In physics, **acceleration** is the rate of change of velocity of an object with respect to time. An object's acceleration is the net result of all forces acting on the object, as described by Newton's Second Law. The SI unit for acceleration is metre per second squared (m⋅s^{−2}). Accelerations are vector quantities and add according to the parallelogram law. The vector of the net force acting on a body has the same direction as the vector of the body's acceleration, and its magnitude is proportional to the magnitude of the acceleration, with the object's mass as proportionality constant.

In physics, **angular momentum** is the rotational equivalent of linear momentum. It is an important quantity in physics because it is a conserved quantity—the total angular momentum of a closed system remains constant.

**Continuum mechanics** is a branch of mechanics that deals with the mechanical behavior of materials modeled as a continuous mass rather than as discrete particles. The French mathematician Augustin-Louis Cauchy was the first to formulate such models in the 19th century.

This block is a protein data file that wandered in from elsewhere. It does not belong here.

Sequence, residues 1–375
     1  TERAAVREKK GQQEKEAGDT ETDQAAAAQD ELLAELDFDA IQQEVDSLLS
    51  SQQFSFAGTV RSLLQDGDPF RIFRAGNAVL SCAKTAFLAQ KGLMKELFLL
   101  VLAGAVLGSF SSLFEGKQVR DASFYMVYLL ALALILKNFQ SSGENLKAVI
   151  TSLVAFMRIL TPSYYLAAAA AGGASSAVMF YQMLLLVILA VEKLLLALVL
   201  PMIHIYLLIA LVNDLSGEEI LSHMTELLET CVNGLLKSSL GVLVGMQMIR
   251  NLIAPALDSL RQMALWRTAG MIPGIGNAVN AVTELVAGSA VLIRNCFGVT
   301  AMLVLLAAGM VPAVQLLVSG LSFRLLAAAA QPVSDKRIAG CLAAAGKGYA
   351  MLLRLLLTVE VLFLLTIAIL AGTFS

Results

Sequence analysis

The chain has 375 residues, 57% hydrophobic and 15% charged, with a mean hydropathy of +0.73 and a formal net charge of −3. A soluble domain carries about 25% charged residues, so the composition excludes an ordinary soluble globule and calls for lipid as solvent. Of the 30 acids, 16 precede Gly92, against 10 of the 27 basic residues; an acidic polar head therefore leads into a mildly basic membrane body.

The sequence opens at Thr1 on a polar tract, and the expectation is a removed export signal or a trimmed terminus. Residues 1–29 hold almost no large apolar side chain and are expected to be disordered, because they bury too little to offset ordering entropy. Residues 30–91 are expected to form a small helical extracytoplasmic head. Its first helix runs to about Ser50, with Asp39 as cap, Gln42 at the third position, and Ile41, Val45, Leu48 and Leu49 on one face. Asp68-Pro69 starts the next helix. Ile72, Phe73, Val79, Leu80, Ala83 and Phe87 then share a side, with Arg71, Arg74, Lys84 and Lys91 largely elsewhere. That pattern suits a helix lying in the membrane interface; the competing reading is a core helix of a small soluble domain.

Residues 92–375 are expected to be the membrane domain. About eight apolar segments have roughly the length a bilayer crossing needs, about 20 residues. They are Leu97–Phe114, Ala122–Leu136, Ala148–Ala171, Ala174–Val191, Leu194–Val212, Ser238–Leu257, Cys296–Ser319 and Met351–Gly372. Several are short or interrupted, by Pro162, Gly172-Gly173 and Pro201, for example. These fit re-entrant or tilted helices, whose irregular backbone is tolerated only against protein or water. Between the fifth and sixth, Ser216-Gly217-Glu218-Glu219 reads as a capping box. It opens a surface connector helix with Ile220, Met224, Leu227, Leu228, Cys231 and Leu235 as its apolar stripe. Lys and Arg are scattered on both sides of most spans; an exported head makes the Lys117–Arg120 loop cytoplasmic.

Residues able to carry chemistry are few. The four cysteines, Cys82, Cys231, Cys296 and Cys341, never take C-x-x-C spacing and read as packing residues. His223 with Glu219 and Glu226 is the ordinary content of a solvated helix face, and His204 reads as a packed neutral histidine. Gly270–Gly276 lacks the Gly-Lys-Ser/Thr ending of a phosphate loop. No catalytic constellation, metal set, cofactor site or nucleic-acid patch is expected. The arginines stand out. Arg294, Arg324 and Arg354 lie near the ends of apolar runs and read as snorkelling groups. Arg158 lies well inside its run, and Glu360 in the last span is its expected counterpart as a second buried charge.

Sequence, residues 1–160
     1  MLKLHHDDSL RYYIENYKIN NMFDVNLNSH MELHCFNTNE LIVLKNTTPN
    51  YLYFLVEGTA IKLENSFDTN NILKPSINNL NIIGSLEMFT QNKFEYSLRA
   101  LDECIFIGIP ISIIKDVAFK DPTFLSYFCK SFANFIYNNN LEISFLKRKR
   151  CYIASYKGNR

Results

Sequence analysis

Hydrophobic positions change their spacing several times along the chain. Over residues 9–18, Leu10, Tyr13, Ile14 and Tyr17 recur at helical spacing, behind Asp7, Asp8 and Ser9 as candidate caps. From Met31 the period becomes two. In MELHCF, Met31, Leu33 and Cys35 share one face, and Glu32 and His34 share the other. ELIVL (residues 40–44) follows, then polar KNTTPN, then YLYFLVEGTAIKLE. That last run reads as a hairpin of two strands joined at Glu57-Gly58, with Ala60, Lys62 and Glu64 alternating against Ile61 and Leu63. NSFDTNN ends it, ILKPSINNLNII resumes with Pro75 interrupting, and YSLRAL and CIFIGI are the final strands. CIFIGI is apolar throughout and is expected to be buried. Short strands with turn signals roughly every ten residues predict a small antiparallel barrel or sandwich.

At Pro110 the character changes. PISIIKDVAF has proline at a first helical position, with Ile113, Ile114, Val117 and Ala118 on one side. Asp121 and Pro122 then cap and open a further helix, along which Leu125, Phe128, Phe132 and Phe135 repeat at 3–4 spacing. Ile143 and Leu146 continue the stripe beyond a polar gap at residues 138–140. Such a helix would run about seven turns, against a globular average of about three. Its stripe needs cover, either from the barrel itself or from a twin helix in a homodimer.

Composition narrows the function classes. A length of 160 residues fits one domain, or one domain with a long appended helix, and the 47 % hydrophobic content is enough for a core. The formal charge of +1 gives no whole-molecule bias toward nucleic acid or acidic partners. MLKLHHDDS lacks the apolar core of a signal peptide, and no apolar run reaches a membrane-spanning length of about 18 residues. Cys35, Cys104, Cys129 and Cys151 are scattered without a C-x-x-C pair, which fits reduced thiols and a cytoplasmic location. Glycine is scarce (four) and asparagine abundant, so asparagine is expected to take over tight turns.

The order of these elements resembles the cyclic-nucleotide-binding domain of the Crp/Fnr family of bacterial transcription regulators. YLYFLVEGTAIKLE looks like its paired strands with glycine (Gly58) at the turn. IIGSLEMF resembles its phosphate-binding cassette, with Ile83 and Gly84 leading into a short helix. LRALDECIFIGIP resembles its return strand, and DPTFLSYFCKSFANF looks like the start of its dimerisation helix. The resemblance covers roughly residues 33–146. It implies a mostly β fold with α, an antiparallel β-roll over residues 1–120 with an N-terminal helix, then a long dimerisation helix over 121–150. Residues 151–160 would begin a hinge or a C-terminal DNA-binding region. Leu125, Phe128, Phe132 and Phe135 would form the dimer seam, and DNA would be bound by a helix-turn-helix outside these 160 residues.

In physics the **Lorentz force** is the combination of electric and magnetic force on a point charge due to electromagnetic fields. A particle of charge *q* moving with a velocity *v* in an electric field **E** and a magnetic field **B** experiences a force of

In physics, **equations of motion** are equations that describe the behavior of a physical system in terms of its motion as a function of time. More specifically, the equations of motion describe the behaviour of a physical system as a set of mathematical functions in terms of dynamic variables: normally spatial coordinates and time are used, but others are also possible, such as momentum components and time. The most general choice are generalized coordinates which can be any convenient variables characteristic of the physical system. The functions are defined in a Euclidean space in classical mechanics, but are replaced by curved spaces in relativity. If the dynamics of a system is known, the equations are the solutions for the differential equations describing the motion of the dynamics.

**Work** is the product of force and distance. In physics, a force is said to do work if, when acting, there is a movement of the point of application in the direction of the force.